erik lundegaard

Quote of the Day posts

Friday May 15, 2009

Quote of the Day

"Building is interesting, because it's ultimately impossible, I suppose, but killing is boring. It's easy to see through something—to show how stupid it is, or how wrong—but that doesn't take very long, and then you're finished. ... Killing doesn't solve the problem of boredom."

—Wendy O'Flaherty, professor at the University of Chicago's Divinity School, in Janet Malcolm's "In the Freud Archives," pg. 155

Overstates the case but it reminds me of the emptiness I feel after writing a movie review. It also reminds me that it's always easier to write a negative review than a positive one—in part because you want to do justice to the good film ("The Soloist") and could give a crap about the bad one ("Wolverine"). Writing a negative review is more freeing; you're not beholden to anything but the truth. The above quote also reminds me of most things on the Internet.

No tagsPosted at 08:09 AM on May 15, 2009 in category Quote of the Day   |   Permalink  
Tuesday May 12, 2009

Postcard of the Day

"Heighdy! See how I'm picking up the local jargon? Things going extremely well for us. Found the graves of Clyde and Buck in abandoned cemetery overgrown with weeds. One of the strangest sensations we ever had—standing six feet over Clyde. On Monday we'll see Bonnie's. ... Bob is taking a lot of pictures. Perfect Bonnie and Clyde locations! Quite uncanny to see cities and towns that look like 1932 this year."

— David Newman (with Robert Benton), in East Texas for further research for their script, "Bonnie and Clyde," May 1964. From "Pictures at the Revolution" by Mark Harris, pg. 60

No tagsPosted at 07:20 AM on May 12, 2009 in category Quote of the Day   |   Permalink  
Friday May 08, 2009

Quote of the Day

""Anvil!" owes much to Penelope Spheeris’ "Decline of Western Civilization, Pt. II: The Metal Years" and “American Movie.” In all three, the rawness of people chasing -- not living -- dreams is uncomfortable to watch, because they’ve bought the concept that what they do isn’t valid unless they become big stars... Anvil plays gigs, makes records, and has a small but avid fan base. But they always want more, they rarely talk about artistry or what they want to do with their music, and whatever success they have is contingent on how others see them."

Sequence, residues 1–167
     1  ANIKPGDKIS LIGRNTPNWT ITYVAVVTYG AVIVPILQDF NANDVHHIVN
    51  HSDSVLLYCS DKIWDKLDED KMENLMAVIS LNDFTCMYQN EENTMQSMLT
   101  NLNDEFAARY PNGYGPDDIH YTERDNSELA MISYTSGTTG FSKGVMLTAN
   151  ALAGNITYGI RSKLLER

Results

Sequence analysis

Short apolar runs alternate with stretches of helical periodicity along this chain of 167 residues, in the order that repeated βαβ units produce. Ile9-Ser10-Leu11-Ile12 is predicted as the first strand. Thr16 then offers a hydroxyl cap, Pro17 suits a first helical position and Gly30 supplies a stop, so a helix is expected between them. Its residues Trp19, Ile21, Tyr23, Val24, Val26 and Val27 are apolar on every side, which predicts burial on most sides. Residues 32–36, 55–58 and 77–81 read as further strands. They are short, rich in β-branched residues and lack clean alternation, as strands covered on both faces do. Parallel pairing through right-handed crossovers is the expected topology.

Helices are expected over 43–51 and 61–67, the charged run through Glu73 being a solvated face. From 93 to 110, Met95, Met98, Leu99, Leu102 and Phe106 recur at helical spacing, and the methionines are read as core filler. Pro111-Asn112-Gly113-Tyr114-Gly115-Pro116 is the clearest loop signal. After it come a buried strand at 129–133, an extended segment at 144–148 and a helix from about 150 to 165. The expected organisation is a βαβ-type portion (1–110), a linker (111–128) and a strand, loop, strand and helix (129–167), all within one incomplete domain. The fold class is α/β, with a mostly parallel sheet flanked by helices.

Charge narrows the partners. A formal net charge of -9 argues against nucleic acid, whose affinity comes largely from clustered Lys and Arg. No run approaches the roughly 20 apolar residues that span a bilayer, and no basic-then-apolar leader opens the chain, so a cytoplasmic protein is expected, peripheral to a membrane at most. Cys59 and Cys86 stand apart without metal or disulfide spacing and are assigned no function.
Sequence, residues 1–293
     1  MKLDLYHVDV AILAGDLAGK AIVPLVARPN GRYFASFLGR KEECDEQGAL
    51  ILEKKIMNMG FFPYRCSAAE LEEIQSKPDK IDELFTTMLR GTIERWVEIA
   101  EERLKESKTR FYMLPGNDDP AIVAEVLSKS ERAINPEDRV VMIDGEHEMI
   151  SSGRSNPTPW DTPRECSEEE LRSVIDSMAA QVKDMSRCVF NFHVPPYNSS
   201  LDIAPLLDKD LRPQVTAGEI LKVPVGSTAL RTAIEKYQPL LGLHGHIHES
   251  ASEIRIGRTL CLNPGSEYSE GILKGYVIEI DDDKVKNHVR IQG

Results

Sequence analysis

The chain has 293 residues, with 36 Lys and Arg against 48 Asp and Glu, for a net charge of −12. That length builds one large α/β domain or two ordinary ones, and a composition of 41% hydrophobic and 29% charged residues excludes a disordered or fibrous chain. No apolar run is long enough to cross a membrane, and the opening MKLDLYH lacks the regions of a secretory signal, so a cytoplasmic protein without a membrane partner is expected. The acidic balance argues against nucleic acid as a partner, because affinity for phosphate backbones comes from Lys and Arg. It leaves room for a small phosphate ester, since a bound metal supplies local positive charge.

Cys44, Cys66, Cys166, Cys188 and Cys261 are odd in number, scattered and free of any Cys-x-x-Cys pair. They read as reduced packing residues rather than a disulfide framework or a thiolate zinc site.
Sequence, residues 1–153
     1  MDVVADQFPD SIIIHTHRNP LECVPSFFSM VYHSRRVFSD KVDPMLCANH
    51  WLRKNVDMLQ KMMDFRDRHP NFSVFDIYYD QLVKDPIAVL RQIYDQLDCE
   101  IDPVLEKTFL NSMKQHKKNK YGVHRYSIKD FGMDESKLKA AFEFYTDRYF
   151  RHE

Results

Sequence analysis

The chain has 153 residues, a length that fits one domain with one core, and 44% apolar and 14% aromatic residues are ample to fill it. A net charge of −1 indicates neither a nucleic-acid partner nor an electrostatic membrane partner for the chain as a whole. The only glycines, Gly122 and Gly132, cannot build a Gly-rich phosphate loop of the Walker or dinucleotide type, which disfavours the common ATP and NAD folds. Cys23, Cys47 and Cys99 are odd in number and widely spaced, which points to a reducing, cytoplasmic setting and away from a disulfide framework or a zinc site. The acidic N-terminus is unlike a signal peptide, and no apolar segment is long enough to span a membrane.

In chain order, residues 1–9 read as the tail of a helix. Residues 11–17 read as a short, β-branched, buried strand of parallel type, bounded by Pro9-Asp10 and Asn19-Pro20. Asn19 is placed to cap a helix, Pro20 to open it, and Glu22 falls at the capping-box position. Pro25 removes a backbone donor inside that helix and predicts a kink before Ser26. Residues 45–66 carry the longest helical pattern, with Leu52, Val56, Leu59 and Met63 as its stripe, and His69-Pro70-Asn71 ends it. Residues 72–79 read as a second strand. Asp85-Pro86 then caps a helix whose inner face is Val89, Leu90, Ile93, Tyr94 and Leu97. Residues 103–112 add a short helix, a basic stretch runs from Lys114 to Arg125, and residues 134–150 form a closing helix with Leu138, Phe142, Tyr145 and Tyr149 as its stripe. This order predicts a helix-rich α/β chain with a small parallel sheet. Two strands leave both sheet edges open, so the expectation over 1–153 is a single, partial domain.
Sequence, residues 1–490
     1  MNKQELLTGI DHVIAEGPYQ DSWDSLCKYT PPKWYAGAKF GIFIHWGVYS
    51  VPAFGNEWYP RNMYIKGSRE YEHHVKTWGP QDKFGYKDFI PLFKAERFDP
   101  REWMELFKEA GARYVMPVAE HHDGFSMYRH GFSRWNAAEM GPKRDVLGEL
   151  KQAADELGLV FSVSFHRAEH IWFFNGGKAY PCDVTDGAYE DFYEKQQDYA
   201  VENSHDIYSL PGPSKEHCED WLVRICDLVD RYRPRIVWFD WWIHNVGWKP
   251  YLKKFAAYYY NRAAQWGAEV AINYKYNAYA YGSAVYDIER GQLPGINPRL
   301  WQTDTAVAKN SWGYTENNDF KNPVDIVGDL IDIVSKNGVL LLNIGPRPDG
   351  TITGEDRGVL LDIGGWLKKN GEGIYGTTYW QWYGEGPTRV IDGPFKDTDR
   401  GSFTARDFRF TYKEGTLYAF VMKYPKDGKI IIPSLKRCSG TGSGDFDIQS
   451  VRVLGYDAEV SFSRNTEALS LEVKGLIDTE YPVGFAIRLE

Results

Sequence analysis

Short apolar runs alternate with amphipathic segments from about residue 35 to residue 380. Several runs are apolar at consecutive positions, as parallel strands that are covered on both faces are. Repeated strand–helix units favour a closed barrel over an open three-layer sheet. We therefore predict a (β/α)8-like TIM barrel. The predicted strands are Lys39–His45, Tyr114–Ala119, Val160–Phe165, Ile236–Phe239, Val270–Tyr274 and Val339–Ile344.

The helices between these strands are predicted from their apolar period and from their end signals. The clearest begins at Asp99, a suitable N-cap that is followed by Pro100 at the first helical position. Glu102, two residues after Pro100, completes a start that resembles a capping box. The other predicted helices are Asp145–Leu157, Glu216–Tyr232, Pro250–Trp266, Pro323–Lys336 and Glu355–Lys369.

— Jim Walsh in his MN Post review of "Anvil! The Story of Anvil."

This gets to the heart of it even if Jim, who's a friend, is, I believe, overstating his case. It could be the boys in Anvil feel that what they do isn't valid unless they make a living at it. And they don't. At 50. That's when you begin to wonder if it's all worth it. But in general I concede Jim's point—for Anvil, for our culture, for me—even if I know that, with me anyway, I'll forever be trapped between doing the thing for the thing and needing a little something in response.

No tagsPosted at 01:27 PM on May 08, 2009 in category Quote of the Day   |   Permalink  
Tuesday May 05, 2009

Freudian Quote of the Day

   "Denise is echt California," Masson said fondly. "When I first met her, you couldn't get more than six words out of her, and they were generally 'like,' 'you know,' 'I mean, like.' She spoke in half sentences. There is something so echt California about that."
   "It has nothing to do with California," Denise said.
   "But you have a basic mistrust of speech, right?"
   "It's just not fast enough," Denise said. "It doesn't say what I mean."

-- from Janet Malcolm's "In the Freud Archives."

No tagsPosted at 07:19 PM on May 05, 2009 in category Quote of the Day   |   Permalink  
Tuesday April 28, 2009

Quote of the Day (Freudian Version)

"We are all perpetually smoothing and rearranging reality to conform to our wishes; we lie to others and to ourselves constantly, unthinkingly. When, occasionally—and not by dint of our own efforts but under the pressue of external events—we are forced to see things as they are, we are like naked people in a storm. There are a few of us—psychoanalysts have encountered them—who are blessed or cursed with a strange imperviousness to the unpleasantness of self-knowledge. Their lies to themselves are so convincing that they are never unmasked. These are the people who never feel in the wrong, who are always able to justify their conduct, and who in the end—human nature being what it is—cause their fallible fellow-men to turn away from them."

— Janet Malcolm, "In the Freud Archives," pg. 70. Here's to turning away from them. Here's to naked people in a storm.

No tagsPosted at 08:07 AM on Apr 28, 2009 in category Quote of the Day   |   Permalink  
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